“This is something that is a good reminder of the strength and power of a bear,” a bear biologist said. “But it's not something that should prevent people from thinking they can safely recreate in Vermont's forests.”
We can decrease the number of human-bear conflicts. This includes simple actions such as not leaving trash outside or bird feeders out all year long. Additionally, properly fence in chicken coops and crops.
Last year, state officials recorded 650 bear incidents in Vermont. This year, there have been 700 and counting.
In the face of climate change, habitat loss, and increasing human encroachment into Vermont’s wild spaces, it is critical we all work together for the conservation of bears and their habitats.
Approximately 88% of all bear “incidents'' recorded by Vermont Fish & Wildlife during 2021 were simply that a bear was seen. That’s hardly a conflict.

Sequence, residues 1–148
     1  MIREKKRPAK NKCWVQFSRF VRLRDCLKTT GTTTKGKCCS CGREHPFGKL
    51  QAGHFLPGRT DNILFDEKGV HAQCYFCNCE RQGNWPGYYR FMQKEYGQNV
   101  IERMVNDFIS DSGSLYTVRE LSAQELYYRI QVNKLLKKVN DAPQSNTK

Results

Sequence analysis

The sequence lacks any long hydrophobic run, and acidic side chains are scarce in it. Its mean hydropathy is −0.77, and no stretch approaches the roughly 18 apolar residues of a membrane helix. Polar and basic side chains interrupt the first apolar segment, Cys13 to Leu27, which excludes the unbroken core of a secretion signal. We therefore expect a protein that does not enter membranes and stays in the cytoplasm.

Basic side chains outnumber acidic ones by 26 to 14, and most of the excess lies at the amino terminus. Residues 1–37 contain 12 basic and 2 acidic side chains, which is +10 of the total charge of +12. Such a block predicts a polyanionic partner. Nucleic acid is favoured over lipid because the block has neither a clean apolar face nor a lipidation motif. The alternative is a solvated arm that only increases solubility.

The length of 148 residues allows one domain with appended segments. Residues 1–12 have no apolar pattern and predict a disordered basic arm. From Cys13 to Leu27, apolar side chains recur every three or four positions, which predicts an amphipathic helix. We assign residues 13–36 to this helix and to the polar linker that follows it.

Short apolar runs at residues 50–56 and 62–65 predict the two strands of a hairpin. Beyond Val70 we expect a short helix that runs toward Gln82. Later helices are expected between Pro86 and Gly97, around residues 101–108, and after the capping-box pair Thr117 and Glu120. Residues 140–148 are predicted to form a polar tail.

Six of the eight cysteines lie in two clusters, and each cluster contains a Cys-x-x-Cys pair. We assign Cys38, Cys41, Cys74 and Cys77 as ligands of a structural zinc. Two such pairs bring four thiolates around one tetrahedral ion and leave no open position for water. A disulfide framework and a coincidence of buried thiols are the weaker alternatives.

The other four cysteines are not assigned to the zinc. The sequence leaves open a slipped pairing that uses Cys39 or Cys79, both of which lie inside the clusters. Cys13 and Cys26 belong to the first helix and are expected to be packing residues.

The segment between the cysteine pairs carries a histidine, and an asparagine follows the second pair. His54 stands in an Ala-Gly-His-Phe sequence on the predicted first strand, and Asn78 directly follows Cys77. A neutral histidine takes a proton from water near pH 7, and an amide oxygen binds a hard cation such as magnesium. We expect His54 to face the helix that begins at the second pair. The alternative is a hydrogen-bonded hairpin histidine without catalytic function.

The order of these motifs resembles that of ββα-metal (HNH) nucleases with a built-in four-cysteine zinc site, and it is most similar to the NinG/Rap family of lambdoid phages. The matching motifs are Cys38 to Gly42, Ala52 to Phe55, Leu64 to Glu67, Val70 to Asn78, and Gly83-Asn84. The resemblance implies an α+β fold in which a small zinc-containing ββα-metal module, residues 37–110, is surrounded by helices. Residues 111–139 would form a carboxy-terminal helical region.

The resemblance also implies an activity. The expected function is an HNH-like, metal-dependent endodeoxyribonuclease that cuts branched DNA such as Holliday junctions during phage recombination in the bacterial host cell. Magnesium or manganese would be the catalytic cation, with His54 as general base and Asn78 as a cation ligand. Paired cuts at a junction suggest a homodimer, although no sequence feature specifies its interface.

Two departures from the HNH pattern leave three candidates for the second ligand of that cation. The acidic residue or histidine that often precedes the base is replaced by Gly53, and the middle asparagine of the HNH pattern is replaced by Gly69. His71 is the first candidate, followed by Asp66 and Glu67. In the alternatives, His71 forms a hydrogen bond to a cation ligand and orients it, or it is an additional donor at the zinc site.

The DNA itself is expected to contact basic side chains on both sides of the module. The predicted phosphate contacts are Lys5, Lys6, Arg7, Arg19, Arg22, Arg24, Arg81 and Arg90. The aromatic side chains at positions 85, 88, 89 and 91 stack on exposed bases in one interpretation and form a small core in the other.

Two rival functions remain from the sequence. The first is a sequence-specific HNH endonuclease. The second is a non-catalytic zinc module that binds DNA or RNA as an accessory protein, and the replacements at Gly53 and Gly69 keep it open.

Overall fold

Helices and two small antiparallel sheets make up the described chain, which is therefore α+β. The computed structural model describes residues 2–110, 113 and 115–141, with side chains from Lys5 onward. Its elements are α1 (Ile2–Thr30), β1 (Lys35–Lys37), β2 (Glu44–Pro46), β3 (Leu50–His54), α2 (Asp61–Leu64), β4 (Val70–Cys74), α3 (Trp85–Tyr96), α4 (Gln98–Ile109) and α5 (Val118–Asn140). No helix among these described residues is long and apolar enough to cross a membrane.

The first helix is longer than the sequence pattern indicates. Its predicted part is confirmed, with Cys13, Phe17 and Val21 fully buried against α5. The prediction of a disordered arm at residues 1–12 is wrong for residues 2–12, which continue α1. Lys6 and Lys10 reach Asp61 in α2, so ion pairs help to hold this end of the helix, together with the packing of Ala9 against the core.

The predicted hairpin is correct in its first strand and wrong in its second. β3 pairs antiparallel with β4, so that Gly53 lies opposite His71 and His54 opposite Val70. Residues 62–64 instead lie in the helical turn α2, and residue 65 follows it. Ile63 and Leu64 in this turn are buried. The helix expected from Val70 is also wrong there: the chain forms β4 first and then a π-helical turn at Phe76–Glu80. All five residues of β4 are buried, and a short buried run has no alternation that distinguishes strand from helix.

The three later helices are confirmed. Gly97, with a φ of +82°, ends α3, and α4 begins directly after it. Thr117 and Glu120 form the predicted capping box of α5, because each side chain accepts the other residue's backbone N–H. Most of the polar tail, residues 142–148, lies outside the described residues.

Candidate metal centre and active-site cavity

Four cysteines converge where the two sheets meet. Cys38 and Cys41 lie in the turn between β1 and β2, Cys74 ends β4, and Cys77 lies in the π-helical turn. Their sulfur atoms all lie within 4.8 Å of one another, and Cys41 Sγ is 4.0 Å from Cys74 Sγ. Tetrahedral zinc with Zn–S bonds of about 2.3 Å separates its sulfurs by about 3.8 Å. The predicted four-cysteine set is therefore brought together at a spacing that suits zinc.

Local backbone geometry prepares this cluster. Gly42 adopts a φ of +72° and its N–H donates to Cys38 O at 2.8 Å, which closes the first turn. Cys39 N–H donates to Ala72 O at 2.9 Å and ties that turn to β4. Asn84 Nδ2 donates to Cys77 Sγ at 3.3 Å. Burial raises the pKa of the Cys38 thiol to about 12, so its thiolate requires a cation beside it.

Wildlife officials are urging Vermonters to take extra precautions -- like putting away bird feeders and securing garbage -- to avoid human-bear conflicts.
News Release -- Vermont Fish and Wildlife June 22, 2018 Media Contacts: Tom Rogers 802-377-2628 One Hundred Hunters Fail to Meet Vermont’s New Bear Tooth Rule Requirements List of Violators […]
News Release -- Vermont Fish & Wildlife Department May 3, 2018 Media Contact: Forrest Hammond, 802-777-7493 MONTPELIER, Vt. – Black bears have arisen from their winter slumber and are once […]
News Release -- Vermont Fish & Wildlife May 17, 2016 Media Contact: Forrest Hammond 802-777-7493 MONTPELIER, Vt. – Black bears have arisen from their winter slumber and are once again […]